Countdown to Election Day 2016: What you need to know today

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Tracking the campaigns of Donald Trump and Hillary Clinton

COUNTDOWN TO ELECTION DAY (Nov. 8): 8 days

TUESDAY’S SCHEDULE

Clinton returns to Florida. She will stump for votes in Broward, Polk and Seminole counties.

Trump will be in Valley Forge, Pa., and Eau Claire, Wisc.

MONDAY’S NEWS

With 8 days to go …

Hillary Clinton forcefully challenged the FBI’s new email inquiry Monday, declaring during a campaign rally in battleground Ohio, “There’s no case here.”

Clinton’s comments were her most pointed yet on the subject, and they underscored her campaign’s decision to fight back aggressively against FBI Director James Comey.

Earlier Monday in Grand Rapids, Mich., Trump praised FBI Director James Comey for revealing the presence of an investigation last Friday.

“It took guts for him to do what he,” said Trump, adding that it was especially so because Obama administration officials had sought “to protect” Clinton.

Trump noted that he disagreed with Comey’s decision to not press charges earlier this summer but, on Friday, “what he did, he brought back his reputation.”

But in Ohio, Clinton said voters should only be focused “on choosing the next commander in chief of the United States of America.”

Clinton said voters are right to ask why the FBI would interject itself into the middle of an election, but said the result of the current probe would be the same as the one concluded in the summer.

“I am sure it will result in the same conclusion – there is no case here,” she said.

CNN reported that Huma Abedin, Clinton’s close aide and confidant, was not on the campaign trail with Clinton for the third straight day.

The two early afternoon events were simply the kick-off to a full slate of campaigning on Monday.

Republican vice presidential candidate Mike Pence returns to the Sunshine State as the campaigns make the final week of pitches to voters. His rival, Tim Kaine, is in North Carolina.

Before either presidential candidate stepped to a microphone Monday, though, White House Press Secretary Josh Earnest spoke to reporters. Earnest said President Obama would not “defend or criticize” FBI Director James Comey’s decision to reveal the presence of the investigation.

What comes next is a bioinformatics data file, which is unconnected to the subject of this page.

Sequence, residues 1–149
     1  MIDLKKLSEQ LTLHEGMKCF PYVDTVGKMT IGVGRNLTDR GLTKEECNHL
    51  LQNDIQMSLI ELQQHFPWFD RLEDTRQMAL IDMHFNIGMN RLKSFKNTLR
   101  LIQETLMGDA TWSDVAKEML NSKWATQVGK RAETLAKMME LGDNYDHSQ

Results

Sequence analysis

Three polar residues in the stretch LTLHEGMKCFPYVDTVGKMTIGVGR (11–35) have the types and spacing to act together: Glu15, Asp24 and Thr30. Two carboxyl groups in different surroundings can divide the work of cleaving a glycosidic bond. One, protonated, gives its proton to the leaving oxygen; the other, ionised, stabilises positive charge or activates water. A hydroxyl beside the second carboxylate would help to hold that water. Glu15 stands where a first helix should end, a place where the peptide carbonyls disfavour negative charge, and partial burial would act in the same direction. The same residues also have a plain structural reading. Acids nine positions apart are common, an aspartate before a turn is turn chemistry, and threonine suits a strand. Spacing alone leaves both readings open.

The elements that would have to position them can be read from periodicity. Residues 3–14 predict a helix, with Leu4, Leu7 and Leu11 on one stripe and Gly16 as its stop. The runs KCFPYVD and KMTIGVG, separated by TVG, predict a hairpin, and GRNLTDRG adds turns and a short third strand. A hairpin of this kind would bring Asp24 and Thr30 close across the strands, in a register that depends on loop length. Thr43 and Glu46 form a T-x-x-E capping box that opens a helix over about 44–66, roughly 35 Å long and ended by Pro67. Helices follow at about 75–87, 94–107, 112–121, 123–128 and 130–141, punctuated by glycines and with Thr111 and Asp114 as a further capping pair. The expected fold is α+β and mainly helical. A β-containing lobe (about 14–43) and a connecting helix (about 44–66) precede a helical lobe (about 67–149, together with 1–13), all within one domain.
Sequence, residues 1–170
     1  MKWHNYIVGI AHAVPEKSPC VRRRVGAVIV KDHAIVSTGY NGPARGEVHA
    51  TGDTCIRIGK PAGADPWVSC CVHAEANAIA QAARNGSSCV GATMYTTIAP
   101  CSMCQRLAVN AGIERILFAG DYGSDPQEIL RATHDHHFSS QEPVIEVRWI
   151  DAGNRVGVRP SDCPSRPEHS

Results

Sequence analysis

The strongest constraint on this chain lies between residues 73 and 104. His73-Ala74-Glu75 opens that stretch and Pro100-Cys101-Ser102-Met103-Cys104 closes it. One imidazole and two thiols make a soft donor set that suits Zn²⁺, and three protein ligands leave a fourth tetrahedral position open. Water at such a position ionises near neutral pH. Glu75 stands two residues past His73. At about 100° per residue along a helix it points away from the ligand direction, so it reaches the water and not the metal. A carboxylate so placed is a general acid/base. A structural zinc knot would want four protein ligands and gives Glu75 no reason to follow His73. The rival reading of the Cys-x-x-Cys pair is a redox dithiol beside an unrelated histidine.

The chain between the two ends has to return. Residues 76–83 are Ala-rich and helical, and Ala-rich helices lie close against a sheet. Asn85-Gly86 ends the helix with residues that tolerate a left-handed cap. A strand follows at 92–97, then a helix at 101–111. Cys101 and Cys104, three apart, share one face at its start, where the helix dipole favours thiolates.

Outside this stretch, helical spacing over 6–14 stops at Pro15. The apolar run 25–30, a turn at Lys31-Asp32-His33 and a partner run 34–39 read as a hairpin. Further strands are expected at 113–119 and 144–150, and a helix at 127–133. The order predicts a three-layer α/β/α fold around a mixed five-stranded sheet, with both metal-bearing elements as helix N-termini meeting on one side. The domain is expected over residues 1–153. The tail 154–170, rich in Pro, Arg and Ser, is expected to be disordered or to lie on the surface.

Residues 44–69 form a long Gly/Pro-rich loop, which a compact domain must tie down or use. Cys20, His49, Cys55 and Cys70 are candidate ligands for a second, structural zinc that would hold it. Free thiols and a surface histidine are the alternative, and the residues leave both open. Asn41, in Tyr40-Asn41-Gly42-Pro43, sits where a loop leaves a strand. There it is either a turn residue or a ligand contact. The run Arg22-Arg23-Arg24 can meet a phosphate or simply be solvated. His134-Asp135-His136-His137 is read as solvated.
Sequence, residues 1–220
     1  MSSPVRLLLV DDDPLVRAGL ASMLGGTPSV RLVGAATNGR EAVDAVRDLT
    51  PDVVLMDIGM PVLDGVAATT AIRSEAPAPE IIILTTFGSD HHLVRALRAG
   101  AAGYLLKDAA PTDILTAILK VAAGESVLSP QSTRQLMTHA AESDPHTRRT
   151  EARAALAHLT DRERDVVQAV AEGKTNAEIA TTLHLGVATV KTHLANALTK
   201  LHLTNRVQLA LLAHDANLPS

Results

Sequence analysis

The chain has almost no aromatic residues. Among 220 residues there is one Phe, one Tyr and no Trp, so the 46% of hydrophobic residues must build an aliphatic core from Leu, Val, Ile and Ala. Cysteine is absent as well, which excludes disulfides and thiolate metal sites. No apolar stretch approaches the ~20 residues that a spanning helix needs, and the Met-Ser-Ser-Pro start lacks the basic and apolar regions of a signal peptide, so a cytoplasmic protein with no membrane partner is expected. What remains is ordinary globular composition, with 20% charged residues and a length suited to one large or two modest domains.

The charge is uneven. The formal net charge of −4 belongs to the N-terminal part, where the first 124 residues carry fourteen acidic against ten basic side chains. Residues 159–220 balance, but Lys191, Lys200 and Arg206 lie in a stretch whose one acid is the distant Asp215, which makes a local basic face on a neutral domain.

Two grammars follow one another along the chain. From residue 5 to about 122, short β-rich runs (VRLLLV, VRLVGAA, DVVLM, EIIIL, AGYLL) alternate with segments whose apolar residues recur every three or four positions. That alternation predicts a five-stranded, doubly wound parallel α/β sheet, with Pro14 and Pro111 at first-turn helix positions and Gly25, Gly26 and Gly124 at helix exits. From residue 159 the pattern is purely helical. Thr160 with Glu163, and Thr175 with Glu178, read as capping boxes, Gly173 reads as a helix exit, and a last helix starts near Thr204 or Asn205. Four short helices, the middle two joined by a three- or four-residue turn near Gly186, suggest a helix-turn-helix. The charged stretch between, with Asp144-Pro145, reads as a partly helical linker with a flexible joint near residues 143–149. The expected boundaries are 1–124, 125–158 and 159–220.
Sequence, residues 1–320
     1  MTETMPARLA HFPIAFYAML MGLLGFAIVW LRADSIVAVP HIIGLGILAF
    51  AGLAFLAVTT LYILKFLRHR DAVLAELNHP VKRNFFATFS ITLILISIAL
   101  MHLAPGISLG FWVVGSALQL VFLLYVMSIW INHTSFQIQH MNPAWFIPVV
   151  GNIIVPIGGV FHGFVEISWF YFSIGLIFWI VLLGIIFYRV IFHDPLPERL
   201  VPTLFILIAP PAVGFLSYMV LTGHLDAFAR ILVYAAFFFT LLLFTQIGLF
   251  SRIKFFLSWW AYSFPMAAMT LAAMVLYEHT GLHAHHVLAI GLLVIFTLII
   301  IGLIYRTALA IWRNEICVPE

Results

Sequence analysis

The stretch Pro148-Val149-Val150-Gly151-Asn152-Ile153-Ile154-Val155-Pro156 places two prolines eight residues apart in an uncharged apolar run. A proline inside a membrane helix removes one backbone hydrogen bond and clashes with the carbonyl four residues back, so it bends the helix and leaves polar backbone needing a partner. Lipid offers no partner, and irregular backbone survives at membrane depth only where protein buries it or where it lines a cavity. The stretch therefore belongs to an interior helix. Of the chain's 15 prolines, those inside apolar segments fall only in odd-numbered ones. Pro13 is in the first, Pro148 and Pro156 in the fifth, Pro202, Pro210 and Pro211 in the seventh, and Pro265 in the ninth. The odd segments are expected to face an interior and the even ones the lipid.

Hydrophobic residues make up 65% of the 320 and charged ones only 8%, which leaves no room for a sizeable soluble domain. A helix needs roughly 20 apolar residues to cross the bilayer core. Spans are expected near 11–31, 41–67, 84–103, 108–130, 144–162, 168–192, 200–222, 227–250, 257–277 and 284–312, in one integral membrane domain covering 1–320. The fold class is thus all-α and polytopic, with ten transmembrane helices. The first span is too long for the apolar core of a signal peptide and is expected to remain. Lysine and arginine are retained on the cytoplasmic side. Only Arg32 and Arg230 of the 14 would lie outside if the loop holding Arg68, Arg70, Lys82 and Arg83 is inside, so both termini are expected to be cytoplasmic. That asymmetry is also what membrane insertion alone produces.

Earnest said President Obama does believe the Department of Justice does have leeway to conduct investigations, and as such needs to be very careful in how much it talks publicly about any given case.

On Sunday, the 2016 presidential campaign wrapped up the next to last weekend of campaigning just as it started Friday, with the FBI’s renewed email investigation  on center stage.

In Wilton Manors, Clinton insisted she would not be “knocked off course” by the email resumption of the controversy. “I’m not stopping now, we’re just getting warmed up,” she said.

Concluding his western swing, GOP nominee Donald Trump again raised the specter of vulnerable and flawed elections system. This time, in Greeley, Colo., he zeroed in on Colorado’s vote-by-mail system. He warned Colorado voters to go to the polls in person rather than relying on mailed ballots he said could be miscounted.

Trump also sought to cash in Clinton controversy, noting the role played by Anthony Weiner, the estranged husband of Clinton confidant Huma Abedin, in sparking the new email investigation.

“We never thought we were going to say ‘thank you’ to Anthony Weiner,” he said at a rally in Las Vegas.

WHERE ARE TRUMP, CLINTON GOING NEXT?

Clinton returns to Florida on Tuesday. She will stump for votes in Broward, Polk and Seminole counties.

Trump will be in Valley Forge, Pa., and Eau Claire, Wisc.

Also stumping …

Mike Pence will be cutting through Central Florida on Monday with campaign stops in Cocoa, Maitland and Clearwater.

Tim Kaine in North Carolina and his wife, Anne Holton, in Nebraska.

WHO’S VOTED?

As of Sunday, more than 3.56 million Floridians had cast early voting ballots. That figure is more than the number of total votes cast in 40 states and the District of Columbia in the 2012 election. Republicans still outnumber Democrats by a narrow margin, 23,446 votes. Early voting ends Nov. 6.

LATEST POLL RESULTS

A poll by two Florida Fox TV stations says Clinton and Trump are in dead heat in the Sunshine State. The Right Side Broadcasting Network poll put Clinton at 46.6 percent and trump 46.3 percent of likely voters.

An ABC/Washington Post tracking poll released Sunday suggests as many as 30 percent of likely voters say the revelation of a new FBI probe into Hillary Clinton emails will make them less likely to vote for the Democratic nominee. The poll also found that Clinton leads Trump by just a single percentage point, 46-to-45 percent, in a four-way White House race with Libertarian Gary Johnson and Green Party candidate Jill Stein.

STORIES THAT MATTERED MOST